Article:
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St. Thomas – The Committee on Finance chaired by Sen. Kurt Vialet, held a meeting at the Capitol Building on Wednesday, to receive an update post-Hurricane Irma and Hurricane Maria on entities administered to assist with the hurricane recovery phases of the Government of the Virgin Islands to include projects and timelines.

“This is not a budget hearing. This meeting is about the hurricane recovery process. The public consistently has inquiries concerning the entities hired by the Government of the Virgin Islands (GVI) and what their roles are in the Territory,” said Sen. Vialet.

V.I. Public Finance Authority Executive Director Valdamier Collens shared the update. Witt O’Brien’s and Ernst & Young are the leading firms partnering with GVI to assist with the hurricane recovery process.

The primary responsibility of Witt O’Brien’s are program management and implementation of FEMA’s Public Assistance and Hazard Mitigation Grant Programs such as HUD’s Community Development Block Grant and the Disaster Recovery Program. Thus far, Witt O’Brien has developed damage description, scopes of work, and the creation of project worksheets and Hazard Mitigation Grant application Territory-wide. Short terms tasks include WAPA debris removal, Sheltering Temporary Essential Power Program and the HUD Community Block Grant.

Ernst & Young, tasked with assisting GVI with compliance, monitoring, oversight and transparency for Key Grant Programs such as FEMA Public Assistance and Hazard Mitigation Grant Programs; monitoring FEMA Community Disaster Loans and Commercial Insurance Claims. Some of their assignments include assisting V.I. Territorial Emergency Management Agency (VITEMA) with addressing public assistance assignment for GVI applicants and private non-profit applicants. As of May 26, 2018, 237, project worksheets are totaling $1,055,057,798.30 that is funded by FEMA.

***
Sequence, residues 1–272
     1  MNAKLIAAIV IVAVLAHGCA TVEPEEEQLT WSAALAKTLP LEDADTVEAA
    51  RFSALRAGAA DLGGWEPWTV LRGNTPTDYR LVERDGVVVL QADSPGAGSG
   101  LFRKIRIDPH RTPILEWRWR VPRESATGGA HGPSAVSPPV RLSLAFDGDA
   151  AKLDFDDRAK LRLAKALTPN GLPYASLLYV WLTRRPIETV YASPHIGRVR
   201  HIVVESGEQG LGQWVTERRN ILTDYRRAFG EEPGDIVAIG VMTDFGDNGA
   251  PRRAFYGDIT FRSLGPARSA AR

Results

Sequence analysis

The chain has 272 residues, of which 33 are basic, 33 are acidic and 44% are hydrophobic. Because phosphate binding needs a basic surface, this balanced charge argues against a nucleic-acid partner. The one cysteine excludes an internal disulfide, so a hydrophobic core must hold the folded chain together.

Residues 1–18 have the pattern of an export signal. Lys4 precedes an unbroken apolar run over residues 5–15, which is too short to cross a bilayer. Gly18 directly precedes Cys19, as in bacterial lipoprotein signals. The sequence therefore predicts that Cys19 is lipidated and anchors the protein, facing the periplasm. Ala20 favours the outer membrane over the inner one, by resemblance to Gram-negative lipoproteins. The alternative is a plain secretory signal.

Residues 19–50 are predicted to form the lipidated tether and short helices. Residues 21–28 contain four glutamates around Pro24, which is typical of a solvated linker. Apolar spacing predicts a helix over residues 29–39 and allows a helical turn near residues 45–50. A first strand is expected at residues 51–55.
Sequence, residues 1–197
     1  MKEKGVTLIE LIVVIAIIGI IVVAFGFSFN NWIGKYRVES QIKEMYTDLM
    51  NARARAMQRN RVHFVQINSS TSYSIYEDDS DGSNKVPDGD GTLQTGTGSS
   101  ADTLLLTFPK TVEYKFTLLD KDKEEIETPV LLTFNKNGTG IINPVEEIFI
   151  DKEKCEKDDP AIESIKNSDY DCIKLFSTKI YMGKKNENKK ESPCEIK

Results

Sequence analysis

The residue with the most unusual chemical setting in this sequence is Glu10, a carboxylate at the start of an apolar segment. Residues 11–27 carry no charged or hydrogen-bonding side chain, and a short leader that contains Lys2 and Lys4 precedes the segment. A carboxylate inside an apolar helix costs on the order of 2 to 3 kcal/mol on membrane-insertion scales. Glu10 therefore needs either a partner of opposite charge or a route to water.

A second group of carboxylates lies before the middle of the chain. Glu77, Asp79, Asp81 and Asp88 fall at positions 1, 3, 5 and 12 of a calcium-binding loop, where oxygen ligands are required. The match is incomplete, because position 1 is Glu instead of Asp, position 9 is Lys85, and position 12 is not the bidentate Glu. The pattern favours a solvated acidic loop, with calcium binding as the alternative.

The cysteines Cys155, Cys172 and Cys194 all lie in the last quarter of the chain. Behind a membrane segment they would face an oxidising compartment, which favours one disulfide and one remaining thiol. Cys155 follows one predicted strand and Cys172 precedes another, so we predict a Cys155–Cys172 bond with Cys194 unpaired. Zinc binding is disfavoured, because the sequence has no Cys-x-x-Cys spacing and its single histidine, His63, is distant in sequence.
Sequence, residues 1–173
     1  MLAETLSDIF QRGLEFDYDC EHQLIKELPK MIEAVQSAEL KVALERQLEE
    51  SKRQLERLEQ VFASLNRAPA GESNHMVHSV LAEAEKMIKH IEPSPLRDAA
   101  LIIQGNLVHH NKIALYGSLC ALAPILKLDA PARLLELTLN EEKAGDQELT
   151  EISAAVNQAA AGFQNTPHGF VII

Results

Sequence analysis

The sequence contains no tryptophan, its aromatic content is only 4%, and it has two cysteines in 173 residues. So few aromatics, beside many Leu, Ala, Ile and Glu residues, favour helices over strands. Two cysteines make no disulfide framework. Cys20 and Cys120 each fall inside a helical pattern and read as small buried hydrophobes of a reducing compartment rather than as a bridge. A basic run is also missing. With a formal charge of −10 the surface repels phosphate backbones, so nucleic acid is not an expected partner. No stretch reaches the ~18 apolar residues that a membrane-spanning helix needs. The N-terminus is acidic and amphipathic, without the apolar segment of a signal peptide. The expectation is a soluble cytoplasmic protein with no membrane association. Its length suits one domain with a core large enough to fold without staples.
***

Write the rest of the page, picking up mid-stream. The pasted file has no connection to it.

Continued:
The timetable for completion of worksheets and target dates are currently unknown due to challenges such as cost estimates, developing scopes of work and finalizing worksheets due to administrative appeals. Completed projects should occur within 18 months of the start date. However, GVI can request an extension if necessary; according to Executive Director Collens.

“There are a lot of project worksheets that are going through VITEMA. I don’t believe that VITEMA is sufficiently staffed to review all of them promptly. Many of the small businesses are unable to sustain themselves without payment for their services,” said Sen. Marvin Blyden.

Similarly, Domingo Camarano, Vice President, AECOM shared an update on Emergency Home Repairs VI Program (EHRVI). To date, there are 1900 repaired homes. There are 10,000 applicants and 7,400 households eligible for repairs. “Hurricane season is upon us, how many homes out of the 10,000 are already completed?” asked Sen. Janelle Sarauw. Vice President Camarano stated that there are 1500 repaired homes with 5,000 more to be completed by the August 15, 2018 deadline.

“Considering that the deadline is in two months, what is the weekly average of completed home repairs?” inquired Sen. Blyden. In response Darryl Griffith, Executive Director, V.I. Housing Authority stated that there are 50 completed homes per week.

The value of AECOM’s contract is $186.6 million. Invoices were sent and reviewed by Witt O’Brien’s, Ernst & Young and others.  However, the FEMA-funded program has yet to receive payment for their services stated Vice President Camarano.  “Payments seems to be delayed because the federal guidelines are not designed to meet structural needs of homes built in the Virgin Islands.  Sheetrock, cleaning or repairing cisterns, and replacing downspouts are construction repairs that are heavily needed for the homes Territory-wide,” said Sen. Vialet.

Executive Director Griffith shared the financial breakdown of EHRVI funded through a FEMA Progress Worksheet (PW).  The first PW totals $186,650,000; this covers construction for in-home repairs. FEMA obligated the funds, and it is currently available. The second PW totals $152,899,348. This PW covers construction management, mobility, a call center, insurance, and program management. However, the monies were not obligated.

Separately, lawmakers received testimony on the Lease Agreement between the Government of the Virgin Islands, acting through the Commissioner of the Department of Property and Procurement(“Lessor”) and Industrious Auto Repair, Inc. (“Lessee”).

Vincent Richards, Deputy Commissioner of Property and Printing Divisions of the Virgin Islands Department of Property and Procurement, shared the update. The lease agreement is for 20 years and is effective upon the approval of Governor Kenneth Mapp and the Legislature of the Virgin Islands. There will be an annual rent of $28,000 initially and is payable through monthly installments of $2,400. The terms of the lease include allowing a long-term tenant to invest and restore a government property damaged after Hurricane Irma and Hurricane Maria and to expand existing operations.

Senators present are Kurt Vialet, Brian Smith, Marvin Blyden, Jean Forde, Tregenza Roach, Dwayne DeGraff, Janelle Sarauw, Novelle Francis and Positive Nelson.

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